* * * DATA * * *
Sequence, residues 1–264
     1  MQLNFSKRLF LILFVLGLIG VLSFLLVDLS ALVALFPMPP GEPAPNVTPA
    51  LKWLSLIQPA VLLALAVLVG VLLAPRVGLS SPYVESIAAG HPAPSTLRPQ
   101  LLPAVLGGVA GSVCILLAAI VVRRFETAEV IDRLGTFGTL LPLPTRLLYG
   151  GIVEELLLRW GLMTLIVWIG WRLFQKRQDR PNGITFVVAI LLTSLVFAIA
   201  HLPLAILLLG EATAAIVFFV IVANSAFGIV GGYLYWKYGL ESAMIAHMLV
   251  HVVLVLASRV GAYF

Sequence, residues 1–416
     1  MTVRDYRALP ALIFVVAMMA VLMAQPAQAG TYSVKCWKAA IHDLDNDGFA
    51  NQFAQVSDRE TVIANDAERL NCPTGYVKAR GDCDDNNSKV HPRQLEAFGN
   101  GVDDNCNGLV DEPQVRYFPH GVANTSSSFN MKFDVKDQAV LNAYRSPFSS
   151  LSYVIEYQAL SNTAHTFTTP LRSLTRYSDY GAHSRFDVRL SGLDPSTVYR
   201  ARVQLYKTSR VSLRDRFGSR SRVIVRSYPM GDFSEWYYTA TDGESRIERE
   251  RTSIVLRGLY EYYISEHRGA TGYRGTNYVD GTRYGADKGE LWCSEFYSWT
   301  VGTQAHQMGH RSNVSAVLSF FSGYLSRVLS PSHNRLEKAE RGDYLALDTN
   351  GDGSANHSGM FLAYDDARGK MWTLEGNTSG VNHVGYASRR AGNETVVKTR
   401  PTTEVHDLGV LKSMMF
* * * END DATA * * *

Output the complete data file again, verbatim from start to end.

Sequence, residues 1–264
     1  MQLNFSKRLF LILFVLGLIG VLSFLLVDLS ALVALFPMPP GEPAPNVTPA
    51  LKWLSLIQPA VLLALAVLVG VLLAPRVGLS SPYVESIAAG HPAPSTLRPQ
   101  LLPAVLGGVA GSVCILLAAI VVRRFETAEV IDRLGTFGTL LPLPTRLLYG
   151  GIVEELLLRW GLMTLIVWIG WRLFQKRQDR PNGITFVVAI LLTSLVFAIA
   201  HLPLAILLLG EATAAIVFFV IVANSAFGIV GGYLYWKYGL ESAMIAHMLV
   251  HVVLVLASRV GAYF

Sequence, residues 1–416
     1  MTVRDYRALP ALIFVVAMMA VLMAQPAQAG TYSVKCWKAA IHDLDNDGFA
    51  NQFAQVSDRE TVIANDAERL NCPTGYVKAR GDCDDNNSKV HPRQLEAFGN
   101  GVDDNCNGLV DEPQVRYFPH GVANTSSSFN MKFDVKDQAV LNAYRSPFSS
   151  LSYVIEYQAL SNTAHTFTTP LRSLTRYSDY GAHSRFDVRL SGLDPSTVYR
   201  ARVQLYKTSR VSLRDRFGSR SRVIVRSYPM GDFSEWYYTA TDGESRIERE
   251  RTSIVLRGLY EYYISEHRGA TGYRGTNYVD GTRYGADKGE LWCSEFYSWT
   301  VGTQAHQMGH RSNVSAVLSF FSGYLSRVLS PSHNRLEKAE RGDYLALDTN
   351  GDGSANHSGM FLAYDDARGK MWTLEGNTSG VNHVGYASRR AGNETVVKTR
   401  PTTEVHDLGV LKSMMF